More App Info
    description &
    screenshots
  • Free

    foodgawker

    by gawkerverse

    The term "food porn" describes a spectacular visual presentation of food. It is often shown in the form of food photography, and is meant to tempt palates and whet appetites. This app is full of food porn. It is the mobile counterpart to foodgawker.com, which collects recipes from various food bloggers, and presents them in a mouthwatering photo gallery format. One of the best ways to become a foodie is to learn from other foodies. Whether you want to make good food, or just look at it, foodgawker is an excellent resource. It's also a great way to discover your next favorite food blog.

  • More App Info
    description &
    screenshots
  • Free

    Fooducate - Healthy Food Diet & Nutrition Scanner

    by Fooducate, Ltd.

    Some may believe that all foodies are fat. This is not true. You can like to eat, but still eat well. Fooducate can help. It looks at the food you buy, grades its nutritional value, and recommends healthier alternatives. I tested the app by scanning a box of Hungry Jack Pancake and Waffle Mix, which was sitting in my pantry. The app gave the product a grade of C- and alerted me that it is highly processed, made with refined flours, and contained trans-fats, even if the label said it didn't. It also gave me a list of other options to choose from. With a UPC database of over 200,000 products, Fooducate is a good way to learn about what you eat and how to eat better. Note that there is also a paid ad-free version of the app.

  • More App Info
    description &
    screenshots
  • $9.99

    How to Cook Everything

    by Culinate, Inc.

    "How To Cook Everything," by Mark Bittman, is a national bestseller. Its content is found on the iPhone, in multiple apps. There is an iPhone-only app and a universal app, both of which feature numerous recipes and how-tos. The universal version runs the same as the iPhone version on the iPhone, but has iPad-optimized features on the bigger screen (such as the presence of photographs). There is also a free sampler version of the app called How To Cook Everything Essentials, as well as iPhone and universal versions of Vegetarian How To Cook Everything. For new cooks, the section entitled "Kitchen Basics" is helpful and informative. The app also has some practical tools built-in, such as a kitchen timer and shopping lists. How To Cook Everything is an excellent resource for foodies who want to learn about food, and not just eat it.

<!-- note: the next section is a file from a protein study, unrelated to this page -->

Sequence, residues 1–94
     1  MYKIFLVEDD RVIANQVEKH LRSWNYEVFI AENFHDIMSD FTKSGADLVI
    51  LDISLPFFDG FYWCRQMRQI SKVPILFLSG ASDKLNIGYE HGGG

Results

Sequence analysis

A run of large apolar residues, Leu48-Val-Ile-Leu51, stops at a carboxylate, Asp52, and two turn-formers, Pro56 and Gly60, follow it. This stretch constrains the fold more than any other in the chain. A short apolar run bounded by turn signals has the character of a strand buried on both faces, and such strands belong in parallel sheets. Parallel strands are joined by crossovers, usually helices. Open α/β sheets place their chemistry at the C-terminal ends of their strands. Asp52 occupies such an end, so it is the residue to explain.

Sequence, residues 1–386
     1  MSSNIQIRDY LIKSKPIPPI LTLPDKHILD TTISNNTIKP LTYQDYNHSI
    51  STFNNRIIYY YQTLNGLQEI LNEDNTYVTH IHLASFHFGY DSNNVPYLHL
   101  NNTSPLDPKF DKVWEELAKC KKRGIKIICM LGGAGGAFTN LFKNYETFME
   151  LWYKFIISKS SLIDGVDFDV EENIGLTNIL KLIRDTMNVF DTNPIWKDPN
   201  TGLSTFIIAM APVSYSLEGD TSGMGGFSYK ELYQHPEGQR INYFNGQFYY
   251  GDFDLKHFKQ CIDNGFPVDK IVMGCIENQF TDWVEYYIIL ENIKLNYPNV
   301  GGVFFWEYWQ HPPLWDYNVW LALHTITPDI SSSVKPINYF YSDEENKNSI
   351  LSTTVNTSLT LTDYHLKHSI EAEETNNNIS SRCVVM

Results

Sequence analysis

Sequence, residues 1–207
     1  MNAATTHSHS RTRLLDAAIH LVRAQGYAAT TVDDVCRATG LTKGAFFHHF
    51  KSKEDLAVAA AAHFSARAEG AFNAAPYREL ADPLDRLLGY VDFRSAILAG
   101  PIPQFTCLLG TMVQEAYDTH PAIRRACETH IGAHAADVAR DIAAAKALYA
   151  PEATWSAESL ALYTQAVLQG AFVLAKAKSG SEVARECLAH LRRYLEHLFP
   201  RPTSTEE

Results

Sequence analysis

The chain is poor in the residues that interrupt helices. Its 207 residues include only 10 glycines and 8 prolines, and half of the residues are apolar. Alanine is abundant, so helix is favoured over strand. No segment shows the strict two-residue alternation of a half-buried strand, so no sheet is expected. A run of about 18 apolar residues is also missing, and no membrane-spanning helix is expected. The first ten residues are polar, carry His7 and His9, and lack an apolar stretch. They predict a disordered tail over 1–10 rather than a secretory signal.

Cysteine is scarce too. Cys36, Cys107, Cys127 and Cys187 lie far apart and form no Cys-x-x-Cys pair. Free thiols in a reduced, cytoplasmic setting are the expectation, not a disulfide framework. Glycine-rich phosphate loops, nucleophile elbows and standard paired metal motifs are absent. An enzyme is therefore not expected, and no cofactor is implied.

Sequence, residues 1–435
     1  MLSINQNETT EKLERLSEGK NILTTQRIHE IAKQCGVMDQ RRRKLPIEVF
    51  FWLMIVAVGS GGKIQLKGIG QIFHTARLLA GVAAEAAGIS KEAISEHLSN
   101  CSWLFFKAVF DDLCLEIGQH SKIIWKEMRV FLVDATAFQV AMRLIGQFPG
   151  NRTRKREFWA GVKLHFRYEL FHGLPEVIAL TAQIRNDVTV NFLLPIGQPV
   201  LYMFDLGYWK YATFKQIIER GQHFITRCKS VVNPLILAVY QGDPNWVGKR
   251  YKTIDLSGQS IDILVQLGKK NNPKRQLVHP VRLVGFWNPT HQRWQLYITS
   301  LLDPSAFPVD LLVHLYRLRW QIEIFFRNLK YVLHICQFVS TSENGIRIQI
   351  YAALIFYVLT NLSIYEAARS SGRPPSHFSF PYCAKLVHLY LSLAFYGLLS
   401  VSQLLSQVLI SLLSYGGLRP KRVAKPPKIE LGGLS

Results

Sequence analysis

• More App Info
    description &
    screenshots
  • Free

    42 Restaurants

    by bytesizecreations

    This app is fairly old; at the time of writing, it was last updated in 2010. As such, some of its information may be outdated. However, few apps are as appropriate for the foodie as this one. It features recipes from some of the most respected chefs in the world, including Pierre Gagnaire, Nobu Matsuhisa, and Fergus Henderson. There is also food porn galore, as well as inside looks at some of the best restaurants around. My favorite part of the app is its optimization for the iPhone. You place your phone in landscape mode to scroll through the dishes, and then rotate it to portrait mode to learn more.

  • More App Info
    description &
    screenshots
  • Free

    Jamie's Recipes

    by Zolmo

    For a foodie, famous chefs are like rock stars. Just as music fans love to watch musicians perform, food lovers love to watch chefs cook. Jamie's Recipes lets you get up close and personal with rock star chef Jamie Oliver. The app is free to download, but you have to pay for recipe packs beyond the included sampler. There are plenty of detailed how-to photographs, as well as many videos from Jamie himself. Some may complain about the in-app purchases, but from a pure app standpoint, this is one of the better cooking apps available.

  • More App Info
    description &
    screenshots
  • Free

    Ness Dining Guide - Restaurant Search

    by Ness Computing, Inc.

    It can sometimes be difficult to choose what to eat. Ness Dining Guide makes the decision easier by giving you a personalized set of recommendations, which are refined by your ratings. Ness also incorporates a social element that lets you connect to your Facebook and Foursquare friends. If Instagram food photos are your thing, you'll find them here, as well as menus and reservation options for some restaurants. The app has a lot of potential, but is not yet a finished product. The recommendations were decent, but not many of my favorite places were picked. None of my friends use Ness, which makes its social features of limited value to me. I also found the information for some restaurants to be rather sparse. Ness is a good app for foodies. Someday, it may become a great one.

  • More App Info
    description &
    screenshots
  • Free

    Alfred

    by Clever Sense